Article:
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Volume 4 (January 2006 to December 2007)


 

The Airtraq Optical Laryngoscope Specifically Designed for Nasotracheal Intubation

 

 

Ernst Zadrobilek, MD1

 

1Associate Professor of Anesthesia and Intensive Care, Chairman of the Austrian Working Group for Airway Management and Director of the Department of Anesthesia and Intensive Care, Empress Elisabeth Hospital of the City of Vienna, Vienna, Austria.

 

Address correspondence and comments to Ernst Zadrobilek.

 

Received from the Department of Anesthesia and Intensive Care, Empress Elisabeth Hospital of the City of Vienna, Vienna, Austria.

 

Published: December 1, 2007.

 


 

The correct citation of this communiction of new equipment and techniques is:

Zadrobilek E. The Airtraq Optical Laryngoscope specifically designed for nasotracheal intubation. Internet Journal of Airway Management 4, 2006-2007.
Available from URL:
http://www.adair.at/ijam/volume04/newequipment05/default.htm
Date accessed: month day, year.

 


Last updated: July 1, 2008.


 

The battery-powered, portable Airtraq Optical Laryngoscope (AOL; manufactured by Prodol Meditec, Vizcaya, Spain) is a new disposable device (with an anatomically shaped blade) developed to facilitate orotracheal intubation in patients with normal and difficult airways. The AOL allows for the transmission of a color image to the view finder at the proximal end of the laryngoscope handle (by internal arrangements of optical components), usually providing the operator a panoramic view of the laryngeal aperture when properly inserted (1-3). We recently evaluated the AOL in formally instructed but novice users and determined that the success of tracheal intubation with this device was not affected by conventional laryngoscopic view grading (3).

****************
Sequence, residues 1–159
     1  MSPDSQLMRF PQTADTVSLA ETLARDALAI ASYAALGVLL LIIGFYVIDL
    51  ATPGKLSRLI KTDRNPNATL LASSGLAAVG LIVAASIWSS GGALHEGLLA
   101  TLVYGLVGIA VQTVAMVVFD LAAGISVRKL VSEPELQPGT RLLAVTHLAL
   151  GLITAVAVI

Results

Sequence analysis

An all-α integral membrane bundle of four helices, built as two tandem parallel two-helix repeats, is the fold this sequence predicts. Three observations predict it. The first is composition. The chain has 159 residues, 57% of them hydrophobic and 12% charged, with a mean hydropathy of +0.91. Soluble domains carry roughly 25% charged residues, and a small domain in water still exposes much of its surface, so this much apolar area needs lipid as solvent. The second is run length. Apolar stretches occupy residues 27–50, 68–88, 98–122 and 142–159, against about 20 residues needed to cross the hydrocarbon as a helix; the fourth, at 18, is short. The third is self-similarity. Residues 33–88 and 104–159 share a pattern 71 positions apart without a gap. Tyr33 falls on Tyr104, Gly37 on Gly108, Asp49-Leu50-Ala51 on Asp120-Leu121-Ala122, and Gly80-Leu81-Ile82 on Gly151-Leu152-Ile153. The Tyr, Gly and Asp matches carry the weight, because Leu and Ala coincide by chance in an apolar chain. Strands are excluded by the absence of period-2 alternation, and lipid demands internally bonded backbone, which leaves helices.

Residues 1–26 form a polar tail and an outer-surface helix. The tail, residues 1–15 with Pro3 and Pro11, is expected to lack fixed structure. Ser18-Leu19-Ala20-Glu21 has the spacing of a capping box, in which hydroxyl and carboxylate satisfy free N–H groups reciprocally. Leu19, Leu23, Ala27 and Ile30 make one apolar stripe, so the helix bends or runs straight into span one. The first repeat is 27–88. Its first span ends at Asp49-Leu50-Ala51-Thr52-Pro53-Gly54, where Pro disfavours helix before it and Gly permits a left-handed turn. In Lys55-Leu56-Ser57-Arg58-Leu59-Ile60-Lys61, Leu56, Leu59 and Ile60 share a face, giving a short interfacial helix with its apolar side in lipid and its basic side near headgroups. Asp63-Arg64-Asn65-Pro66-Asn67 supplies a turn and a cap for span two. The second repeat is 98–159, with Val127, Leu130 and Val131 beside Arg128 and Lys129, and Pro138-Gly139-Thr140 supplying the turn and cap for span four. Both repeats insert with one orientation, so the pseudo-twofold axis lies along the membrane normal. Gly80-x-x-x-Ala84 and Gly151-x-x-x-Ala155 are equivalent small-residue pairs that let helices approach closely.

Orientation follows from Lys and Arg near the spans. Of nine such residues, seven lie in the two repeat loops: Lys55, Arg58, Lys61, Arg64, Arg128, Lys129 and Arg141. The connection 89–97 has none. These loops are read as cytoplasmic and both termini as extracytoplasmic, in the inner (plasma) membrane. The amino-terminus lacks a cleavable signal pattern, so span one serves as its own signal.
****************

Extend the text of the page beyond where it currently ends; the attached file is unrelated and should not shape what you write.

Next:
The manufacturer recently released a modified AOL specifically designed for nasotracheal intubation. This AOL is currently available in one size (orange-coded, maximum thickness of the blade: 18 mm). The tube-guide channel at the right side of the original AOL [to guide standard tracheal tubes (TTs) into the correct position] was removed; the remaining flange of the blade serves now as guidance for the nasally introduced TT.

 

Nasotracheal intubation is simple [evaluated on a suitable airway model (AirSim Multi, TruCorp, Belfast, United Kingdom)] as with orotracheal intubation using the original AOL. The modified AOL is first inserted in the midline just into the oral cavity; when the TT is in view at the right side of the blade flange, the blade is then further slided around the tongue into the posterior pharynx. The tip of the blade is placed posterior and slightly distal to the posterior surface of the epiglottis (Miller-laryngoscopy technique), followed by a slightly vertical-directed lifting force to directly elevate the epiglottis and expose the laryngeal aperture (Pedro A. Gandarias, personal communication). When the laryngeal aperture is in the center of the view finder, the TT may be easily passsed along the flange of the blade through the laryngeal aperture into a midtracheal position. Unfortunately, there are currently no studies available to support these experiences in clinical practice.

 

The costs of the modified AOL for nasotracheal intubation are about 48 Euro (exclusive value-added taxes, according to the offer of the Austrian distributor, queried in July 2008).

 

 

References

  1. Maharaj CH, Buckley E, Harte BH, Laffey JG. Endotracheal intubation in patients with cervical spine immobilization. A comparison of Macintosh and Airtraq laryngoscopes. Anesthesiology 107:53-59, 2007.

  2. Maharaj CH, O'Croinin D, Curley G, Harte BH, Laffey JG. A comparison of tracheal intubation using the AirtraqR or the Macintosh laryngoscope in routine airway management: a randomised, controlled clinical trial. Anaesthesia 61:1093-1099, 2006.

  3. Missaghi MS, Krasser K, Lackner-Ausserhofer H, Moser A, Zadrobilek E. The Airtraq Optical Laryngoscope: experiences with a new disposable device for orotracheal intubation. Internet Journal of Airway Management 4, 2006-2007. Date accessed: July 1, 2008.


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